Gina McCarthy

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Gina McCarthy
Gina McCarthy official portrait.jpg
13th Administrator of the Environmental Protection Agency
In office
July 18, 2013 – January 20, 2017
President Barack Obama
Deputy Stan Meiburg (acting)
Preceded by Lisa Jackson
Succeeded by Scott Pruitt
Personal details
Born Regina McCarthy
(1954-05-03) May 3, 1954 (age 64)
Boston, Massachusetts, U.S.
Political party Democratic
Spouse(s) Kenneth McCarey
Children 3
Education University of Massachusetts Boston (BA)
Tufts University (MS)

Regina McCarthy (born May 3, 1954) is an American environmental health and air quality expert who served as the 13th Administrator of the Environmental Protection Agency (EPA) from 2013 to 2017.[1][2]

On March 4, 2013, President Barack Obama nominated McCarthy to replace Lisa Jackson as head of the EPA.[3] Confirmation hearings started April 11, 2013.[4] On July 18, 2013, she was confirmed after a record 136-day confirmation fight, becoming the face of Obama's global warming and climate change initiative.[5][6][7]

McCarthy was a Richard L. and Ronay A. Menschel Senior Leadership Fellow at Harvard T.H. Chan School of Public Health. She taught a course there in the Department of Environmental Health titled, "Environmental Leadership: Integrating Science, Public Policy, and Political Rhetoric". She was the School's 2017 Commencement speaker. On November 6, 2017, Dean Michelle Williams sent out a public notice appointing McCarthy as a Professor of Public Health Practice.[8]

Early life and education[edit]

Born in Brighton, Boston[9], McCarthy was raised in Dorchester, Massachusetts.[10] She graduated from the University of Massachusetts Boston in 1976, as a Bachelor of Arts in Social Anthropology. She later attended Tufts University, where she received a Master of Science in Environmental Health Engineering and Planning and Policy in 1981.[11]

Career[edit]

McCarthy visiting a Missouri farm in 2014

McCarthy held the position of Administrator of the EPA from 2009-13. Prior to 2009, she served as Commissioner of the Connecticut Department of Environmental Protection (2004–09).[citation needed]

She held several top positions in the civil service of the Commonwealth of Massachusetts, including Deputy Secretary of the Massachusetts Office of Commonwealth Development (2003–2004) and Undersecretary for policy for Massachusetts Executive Office of Environmental Affairs from 1999 to 2003.[citation needed]

McCarthy has worked on environmental issues at the state and local levels and has developed policies on economic growth, energy, transportation and the environment.[11]

She has served as environmental adviser to five Massachusetts governors, including former Governor Mitt Romney. From 2004 to 2009 she was commissioner of the Connecticut Department of Environmental Protection. In this capacity she implemented a regional policy to trade carbon credits to reduce greenhouse gas emissions from power plants.[5]

EPA Administrator[edit]

McCarthy at 2014 meeting

According to some observers, Obama's selection of McCarthy confirmed his seriousness about battling climate change. Daniel Fiorino, director of the Center for Environmental Policy at American University, said: "Her nomination signals that the president really wants to deliver on his State of the Union objectives to take serious action on climate change." Others regard McCarthy as an environmental extremist.[12]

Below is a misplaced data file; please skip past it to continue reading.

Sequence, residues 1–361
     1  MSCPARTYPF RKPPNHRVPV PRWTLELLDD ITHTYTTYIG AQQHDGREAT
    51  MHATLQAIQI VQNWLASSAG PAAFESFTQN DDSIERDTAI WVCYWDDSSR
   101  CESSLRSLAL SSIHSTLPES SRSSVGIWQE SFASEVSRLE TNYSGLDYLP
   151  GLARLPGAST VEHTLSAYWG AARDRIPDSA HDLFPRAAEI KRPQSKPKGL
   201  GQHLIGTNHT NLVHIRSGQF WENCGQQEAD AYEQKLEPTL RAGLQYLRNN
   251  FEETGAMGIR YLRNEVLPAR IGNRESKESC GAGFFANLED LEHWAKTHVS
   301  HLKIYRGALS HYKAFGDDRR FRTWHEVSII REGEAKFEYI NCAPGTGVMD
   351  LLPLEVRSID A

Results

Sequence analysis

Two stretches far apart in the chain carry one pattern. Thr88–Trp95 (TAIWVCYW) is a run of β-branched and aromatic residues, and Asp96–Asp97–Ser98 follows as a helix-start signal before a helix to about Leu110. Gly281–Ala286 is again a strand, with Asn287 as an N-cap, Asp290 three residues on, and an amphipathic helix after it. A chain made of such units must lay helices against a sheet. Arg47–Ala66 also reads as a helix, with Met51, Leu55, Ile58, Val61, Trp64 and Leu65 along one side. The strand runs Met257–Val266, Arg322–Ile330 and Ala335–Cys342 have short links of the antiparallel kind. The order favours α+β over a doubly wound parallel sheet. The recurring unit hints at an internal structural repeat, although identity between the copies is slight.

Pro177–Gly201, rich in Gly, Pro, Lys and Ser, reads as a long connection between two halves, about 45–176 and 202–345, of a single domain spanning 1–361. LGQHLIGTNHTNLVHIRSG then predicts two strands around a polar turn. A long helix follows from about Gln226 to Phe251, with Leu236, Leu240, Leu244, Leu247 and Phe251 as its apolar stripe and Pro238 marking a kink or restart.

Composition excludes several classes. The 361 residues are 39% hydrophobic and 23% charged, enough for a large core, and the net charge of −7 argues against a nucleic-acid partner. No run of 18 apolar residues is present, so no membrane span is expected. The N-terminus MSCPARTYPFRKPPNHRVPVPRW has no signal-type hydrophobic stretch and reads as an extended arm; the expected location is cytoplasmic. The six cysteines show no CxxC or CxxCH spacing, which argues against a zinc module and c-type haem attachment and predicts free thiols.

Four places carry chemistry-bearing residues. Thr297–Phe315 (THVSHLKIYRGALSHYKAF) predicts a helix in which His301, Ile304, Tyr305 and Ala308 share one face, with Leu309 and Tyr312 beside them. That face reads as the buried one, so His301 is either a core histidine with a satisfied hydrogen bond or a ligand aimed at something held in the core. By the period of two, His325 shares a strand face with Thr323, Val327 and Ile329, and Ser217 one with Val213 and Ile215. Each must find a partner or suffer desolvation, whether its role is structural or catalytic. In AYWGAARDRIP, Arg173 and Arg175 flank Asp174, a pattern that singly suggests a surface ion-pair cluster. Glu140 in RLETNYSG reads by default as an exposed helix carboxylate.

Gina McCarthy began her early career in the public sector working as the health agent for the Canton Board of Health. Regarding speculation that her appointment would affect Obama's decision on the Keystone XL Pipeline, Fiorino stated that this wouldn't affect the dynamics of the Keystone decision significantly as other considerations are paramount, but added: "... she knows air and climate issues very well and she's a very strong environmentalist." The EPA is one of the federal agencies that advised the Obama administration on the proposed pipeline, "a project that would carry millions of barrels of bitumen a week from Alberta's carbon-intensive oilsands to the U.S. Gulf Coast".[13]

Confirmation[edit]

While the Senate Committee on Environment and Public Works approved the nomination in a vote along party lines on May 16,[14] the nomination was stalled on the Senate floor.

In the interim, Bob Perciasepe served as the EPA's acting administrator.[15] David Vitter, the ranking Republican on the Committee, posed 600 of a total 1,100 questions, to McCarthy. The Committee Republicans demanded responses from McCarthy on five "transparency requests."[15]

The delayed nomination became the longest period on record that the agency was without a leader. Christine Todd Whitman, a former Republican governor of New Jersey and EPA administrator under President George W. Bush, stated: “It’s not about [McCarthy], it’s about the agency... Republicans lost the [presidential] election and they have to realize that this is the president’s choice of nominee. They can go after the president, but Gina McCarthy should get an up-and-down vote.”[16] On July 18, 2013, the Senate confirmed McCarthy as the 13th Administrator of the Environmental Protection Agency by a vote of 59-40, largely along party lines.[7]

On September 11, 2015, 26 U.S. representatives introduced a resolution impeaching McCarthy. It was referred to the House Judiciary Committee and died.[17]

Tenure[edit]

Administrator Gina McCarthy at Portage Lake Glacier, Alaska, August 26, 2013

On May 27, 2015, McCarthy finalized a rule under the Clean Water Act which proposed a new detailed and inclusive definition of "waters of the United States".[18] Thirteen states sued, and U.S. Chief District Judge Ralph R. Erickson issued an injunction blocking the regulation in those states.[19]

In a separate lawsuit, on October 9, United States Court of Appeals for the Sixth Circuit Judge David McKeague, joined by Judge Richard Allen Griffin stayed the rule's application nationwide; judge Damon Keith dissented.[20] Congress passed a joint resolution under the Congressional Review Act overturning the "WOTUS" rule,[21] but President Obama vetoed the measure.[22]